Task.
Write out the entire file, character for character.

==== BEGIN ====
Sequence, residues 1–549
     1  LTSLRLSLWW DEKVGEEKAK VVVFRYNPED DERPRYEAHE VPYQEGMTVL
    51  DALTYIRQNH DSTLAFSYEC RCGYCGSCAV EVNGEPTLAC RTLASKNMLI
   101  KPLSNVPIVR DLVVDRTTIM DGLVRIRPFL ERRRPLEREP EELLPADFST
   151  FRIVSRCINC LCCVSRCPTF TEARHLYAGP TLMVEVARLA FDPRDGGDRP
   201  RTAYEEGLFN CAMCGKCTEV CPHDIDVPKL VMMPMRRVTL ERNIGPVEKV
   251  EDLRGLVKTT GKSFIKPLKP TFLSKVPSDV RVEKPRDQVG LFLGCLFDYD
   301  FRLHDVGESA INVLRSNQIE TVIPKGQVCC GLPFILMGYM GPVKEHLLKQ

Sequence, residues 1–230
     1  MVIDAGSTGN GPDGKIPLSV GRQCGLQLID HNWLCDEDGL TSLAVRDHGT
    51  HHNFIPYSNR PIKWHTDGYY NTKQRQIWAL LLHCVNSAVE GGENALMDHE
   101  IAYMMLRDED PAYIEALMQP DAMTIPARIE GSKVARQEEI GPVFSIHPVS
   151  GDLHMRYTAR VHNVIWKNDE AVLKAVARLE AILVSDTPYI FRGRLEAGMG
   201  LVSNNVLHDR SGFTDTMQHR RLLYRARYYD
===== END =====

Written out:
Sequence, residues 1–549
     1  LTSLRLSLWW DEKVGEEKAK VVVFRYNPED DERPRYEAHE VPYQEGMTVL
    51  DALTYIRQNH DSTLAFSYEC RCGYCGSCAV EVNGEPTLAC RTLASKNMLI
   101  KPLSNVPIVR DLVVDRTTIM DGLVRIRPFL ERRRPLEREP EELLPADFST
   151  FRIVSRCINC LCCVSRCPTF TEARHLYAGP TLMVEVARLA FDPRDGGDRP
   201  RTAYEEGLFN CAMCGKCTEV CPHDIDVPKL VMMPMRRVTL ERNIGPVEKV
   251  EDLRGLVKTT GKSFIKPLKP TFLSKVPSDV RVEKPRDQVG LFLGCLFDYD
   301  FRLHDVGESA INVLRSNQIE TVIPKGQVCC GLPFILMGYM GPVKEHLLKQ

Sequence, residues 1–230
     1  MVIDAGSTGN GPDGKIPLSV GRQCGLQLID HNWLCDEDGL TSLAVRDHGT
    51  HHNFIPYSNR PIKWHTDGYY NTKQRQIWAL LLHCVNSAVE GGENALMDHE
   101  IAYMMLRDED PAYIEALMQP DAMTIPARIE GSKVARQEEI GPVFSIHPVS
   151  GDLHMRYTAR VHNVIWKNDE AVLKAVARLE AILVSDTPYI FRGRLEAGMG
   201  LVSNNVLHDR SGFTDTMQHR RLLYRARYYD